Both Hwee and Dr Lim agree that parents should not intervene too quickly. “Often, the children would have stopped and settled things on their own,” Dr Lim notes. Hwee adds that getting in the middle of every argument and playing referee all the time isn’t helpful. “Interactions between siblings are essential in helping them learn about relating to their peers,” she says.
Fighting with siblings can help your child learn respectful conflict resolution through compromise and negotiation.
Handled the right way, fighting with siblings can help your child learn respectful conflict resolution through compromise and negotiation. Your child can also pick up empathy for others, as well as learn to manage and accept different opinions, Hwee points out. Siblings will learn to develop their own voice, express their individual needs, be assertive and stand up for their position – important building blocks for one’s confidence and self-esteem.
What you can do
As long as it’s not an outright bullying situation, “where physical aggression or abusive language is used”, and certain family rules and boundaries aren’t breached, you probably wouldn’t have to step in, Hwee says.
“What you can do is remain calm and provide a loving and nurturing environment at home, where the children feel safe to express their feelings and concerns,” she adds.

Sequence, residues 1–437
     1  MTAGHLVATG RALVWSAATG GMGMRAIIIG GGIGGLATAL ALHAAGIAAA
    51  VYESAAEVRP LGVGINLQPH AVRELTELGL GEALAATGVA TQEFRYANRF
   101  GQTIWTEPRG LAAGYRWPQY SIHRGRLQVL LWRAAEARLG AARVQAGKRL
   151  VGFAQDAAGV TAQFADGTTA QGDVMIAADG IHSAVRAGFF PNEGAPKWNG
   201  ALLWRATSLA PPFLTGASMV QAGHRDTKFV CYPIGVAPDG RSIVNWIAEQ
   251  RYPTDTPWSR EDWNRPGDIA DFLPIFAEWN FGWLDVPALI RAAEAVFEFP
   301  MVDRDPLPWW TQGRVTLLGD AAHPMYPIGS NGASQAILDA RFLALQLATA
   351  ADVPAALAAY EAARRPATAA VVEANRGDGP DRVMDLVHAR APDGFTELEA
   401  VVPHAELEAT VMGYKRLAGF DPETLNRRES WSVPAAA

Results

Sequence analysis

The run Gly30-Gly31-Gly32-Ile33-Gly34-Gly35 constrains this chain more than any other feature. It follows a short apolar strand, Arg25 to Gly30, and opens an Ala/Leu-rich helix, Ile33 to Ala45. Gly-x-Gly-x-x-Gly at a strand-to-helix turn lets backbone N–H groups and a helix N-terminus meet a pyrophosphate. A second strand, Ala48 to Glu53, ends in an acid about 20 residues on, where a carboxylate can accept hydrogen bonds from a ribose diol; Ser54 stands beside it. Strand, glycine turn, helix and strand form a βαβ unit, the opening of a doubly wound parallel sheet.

But if the fights get too frequent or escalate to a “dangerous level”, Dr Lim recommends separating the children, or “calling a time out” without judging who is right or wrong. It is then best to talk through the events leading to the fight with each child individually when he or she has calmed down. “Sit down with them and strategise a better way to handle the situation without it ending in a fight.”
If it can be determined that one of the siblings is indeed in the wrong, an apology can be made, and he or she should express how they would behave the next time. The parent can guide the other sibling in accepting the apology and providing a gesture of forgiveness, such as hugging, suggests Dr Lim.
Introduce family code of conduct
You may also want to put in place family rules that are useful to bring up when squabbles arise. These can include: No hitting, treating each other with respect, not taking someone’s belongings without asking, and no tattling on each other. Usually, just the existence of these rules may already settle the squabbles.
As a parent, you should also realise that each child may be expressing a particular need in such situations. Does he want your attention or respect? Does he need help empathising? Is a time-out from the heat of the moment needed? Or perhaps he just needs help with making amends.
Siblings are the people we learn the first life skills from ― they’re the ones who will give us the much needed practice on kindness, caring, fairness and cooperation, that are needed later on in life. So, don’t always feel like you need to resolve problems between your children — how they handle the situation on their own might just surprise you.